what is moral, in the laws of freedom. This, however,
is not in its real nature any such outward form of the
spiritual as has just been referred to, it is not something
external or accidental, but expresses the nature of pure
Spirit itself. It too, however, comes to us in an outward
way, at first in education, training, definite teaching ;
there its truth or validity is simply given to us, pointed
out to us.

And so, too, laws, civil laws, the laws of the State, are
something positive ; they come to us, they exist for us,
they have authority or validity, they a7-e, not in the sense
that we can leave them alone or pass by them, but as
implying that in this external form of theirs they ought
also to exist for us as something subjectively essential,
subjectively binding.

When we get a grasp of the law that crime should be
punished, when we recognise its validity and find it to
be rational, it is not something essential for us in the
sense that it has authority for us only because it is posi-
tive, because it is what it is ; but it has authority for us
inwardly as well, for our reason, as being something
essential, because it is also inward and rational.

The fact of its being positive in no way deprives it of
its character as something rational, as something which


is our own. The laws of freedom, when they actually ap-
pear, have always a positive side, a side marked by reality,
externality, and contingency. Laws must get a specific
character, and into the specification, into the quality of the
punishment, there already enters the element of exter-
nality, and still more into the quantity of the punishment.

In the case of punishment the positive element can-
not at all be absent — it is absolutely necessary. This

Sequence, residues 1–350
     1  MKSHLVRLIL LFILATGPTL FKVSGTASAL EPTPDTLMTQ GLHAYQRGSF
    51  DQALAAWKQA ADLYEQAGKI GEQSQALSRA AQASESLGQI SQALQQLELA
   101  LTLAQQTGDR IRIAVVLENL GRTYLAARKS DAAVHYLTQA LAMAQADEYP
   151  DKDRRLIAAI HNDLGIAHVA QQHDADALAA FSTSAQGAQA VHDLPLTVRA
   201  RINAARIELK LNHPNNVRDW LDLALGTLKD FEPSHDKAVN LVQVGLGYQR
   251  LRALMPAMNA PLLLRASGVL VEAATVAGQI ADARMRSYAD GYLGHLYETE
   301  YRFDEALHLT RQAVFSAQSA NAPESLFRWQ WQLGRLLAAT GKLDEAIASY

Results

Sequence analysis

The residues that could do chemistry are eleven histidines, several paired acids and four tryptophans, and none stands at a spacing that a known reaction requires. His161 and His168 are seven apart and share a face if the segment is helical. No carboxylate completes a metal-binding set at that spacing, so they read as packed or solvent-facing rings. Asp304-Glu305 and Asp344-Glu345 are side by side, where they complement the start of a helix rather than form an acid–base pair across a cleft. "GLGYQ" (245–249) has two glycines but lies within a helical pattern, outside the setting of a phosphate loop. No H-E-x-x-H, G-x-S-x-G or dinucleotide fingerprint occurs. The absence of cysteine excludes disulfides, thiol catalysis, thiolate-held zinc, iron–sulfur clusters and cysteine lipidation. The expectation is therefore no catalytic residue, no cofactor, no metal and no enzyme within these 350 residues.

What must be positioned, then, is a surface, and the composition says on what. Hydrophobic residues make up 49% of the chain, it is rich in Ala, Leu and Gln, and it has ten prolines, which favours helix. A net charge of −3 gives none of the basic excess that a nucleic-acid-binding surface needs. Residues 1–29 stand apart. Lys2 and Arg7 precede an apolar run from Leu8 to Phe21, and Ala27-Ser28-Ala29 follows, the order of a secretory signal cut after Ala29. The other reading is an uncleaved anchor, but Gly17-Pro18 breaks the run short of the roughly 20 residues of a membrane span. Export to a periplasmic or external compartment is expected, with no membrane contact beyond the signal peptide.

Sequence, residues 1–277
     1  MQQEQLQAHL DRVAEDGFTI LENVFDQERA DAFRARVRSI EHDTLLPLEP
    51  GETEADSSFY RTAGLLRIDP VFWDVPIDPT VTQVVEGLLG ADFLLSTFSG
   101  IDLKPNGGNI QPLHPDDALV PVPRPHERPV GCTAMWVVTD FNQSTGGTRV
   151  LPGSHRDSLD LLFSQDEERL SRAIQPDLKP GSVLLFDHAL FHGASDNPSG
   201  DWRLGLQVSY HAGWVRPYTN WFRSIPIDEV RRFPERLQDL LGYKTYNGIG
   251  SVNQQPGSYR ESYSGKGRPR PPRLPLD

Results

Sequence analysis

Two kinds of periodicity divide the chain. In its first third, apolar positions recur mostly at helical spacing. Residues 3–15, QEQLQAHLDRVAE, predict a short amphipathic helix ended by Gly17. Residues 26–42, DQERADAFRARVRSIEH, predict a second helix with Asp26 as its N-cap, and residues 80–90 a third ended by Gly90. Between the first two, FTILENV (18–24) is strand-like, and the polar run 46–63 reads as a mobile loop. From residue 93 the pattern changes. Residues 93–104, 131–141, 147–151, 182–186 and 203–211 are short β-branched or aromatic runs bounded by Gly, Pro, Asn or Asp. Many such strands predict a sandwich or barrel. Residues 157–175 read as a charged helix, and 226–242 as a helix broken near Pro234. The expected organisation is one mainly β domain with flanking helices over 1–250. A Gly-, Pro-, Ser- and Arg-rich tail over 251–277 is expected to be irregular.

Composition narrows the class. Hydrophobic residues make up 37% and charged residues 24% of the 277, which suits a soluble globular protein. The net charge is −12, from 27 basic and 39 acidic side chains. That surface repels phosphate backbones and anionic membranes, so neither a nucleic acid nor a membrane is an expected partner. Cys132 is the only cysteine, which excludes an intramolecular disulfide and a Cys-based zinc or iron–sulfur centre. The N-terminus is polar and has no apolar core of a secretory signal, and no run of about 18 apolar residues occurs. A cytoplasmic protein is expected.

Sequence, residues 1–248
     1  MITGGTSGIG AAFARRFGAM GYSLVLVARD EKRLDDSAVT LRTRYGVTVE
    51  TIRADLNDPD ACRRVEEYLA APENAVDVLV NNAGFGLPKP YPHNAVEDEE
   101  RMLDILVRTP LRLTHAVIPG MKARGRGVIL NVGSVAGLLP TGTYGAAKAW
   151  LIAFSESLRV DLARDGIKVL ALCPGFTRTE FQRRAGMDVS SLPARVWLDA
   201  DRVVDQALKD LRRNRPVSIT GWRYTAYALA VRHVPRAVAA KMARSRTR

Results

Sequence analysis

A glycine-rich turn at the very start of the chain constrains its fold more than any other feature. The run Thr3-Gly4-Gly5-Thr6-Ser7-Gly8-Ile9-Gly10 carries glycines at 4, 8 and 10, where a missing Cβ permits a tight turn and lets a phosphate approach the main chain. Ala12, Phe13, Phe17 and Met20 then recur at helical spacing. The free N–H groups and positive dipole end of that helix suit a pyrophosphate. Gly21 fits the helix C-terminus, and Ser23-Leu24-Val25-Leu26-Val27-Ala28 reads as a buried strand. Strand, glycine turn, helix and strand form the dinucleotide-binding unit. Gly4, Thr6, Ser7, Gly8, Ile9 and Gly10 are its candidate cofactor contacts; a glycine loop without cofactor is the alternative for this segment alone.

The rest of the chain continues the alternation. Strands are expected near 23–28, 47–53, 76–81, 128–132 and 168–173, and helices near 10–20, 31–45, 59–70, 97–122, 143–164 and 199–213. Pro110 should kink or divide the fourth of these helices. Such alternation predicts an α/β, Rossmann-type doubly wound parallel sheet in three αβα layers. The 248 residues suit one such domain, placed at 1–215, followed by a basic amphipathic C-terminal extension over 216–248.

final determination or specification of the immediate is
something positive which is in no sense rational. In the
case of punishment, round numbers, for instance, decide
the amount ; you cannot find out by reason what is the
absolutely just penalty. It is the irrational which is
naturally positive. It must get a definite character, and
it is characterised in a way which has nothing rational
about it, or which contains nothing rational in it.

It is necessary to regard revealed religion in the
following aspect also. Since in it there is present some-
thing historical, something which appears in an outward
form, there is also present in it something positive, some-
thing contingent, which may take either one form or
another. Thus it occurs in the case of religion as well,
that owing to the externality, the appearance in an out-
ward form which accompanies it, there is always some-
thing positive present.

But we must distinguish between the Positive as such,
the abstract Positive, and the Positive in the form of and
as the law of freedom. The law of freedom should not
possess validity or authority because it is actually there,
but rather because it is the essential characteristic of our
rational nature itself. It is not, therefore, anything
positive, not anything which simply has validity, if it is
known to be a characteristic of this kind. Eeligion, too,
appears in a positive form in all that constitutes its
doctrines ; but it is not meant to remain in this condition,
or to be a matter of mere popular ideas or of pure memory.

The positive element connected with the verification



of religion consists in the idea that what is external
should establish the truth of a religion, and should be
regarded as the foundation of its truth. Here in this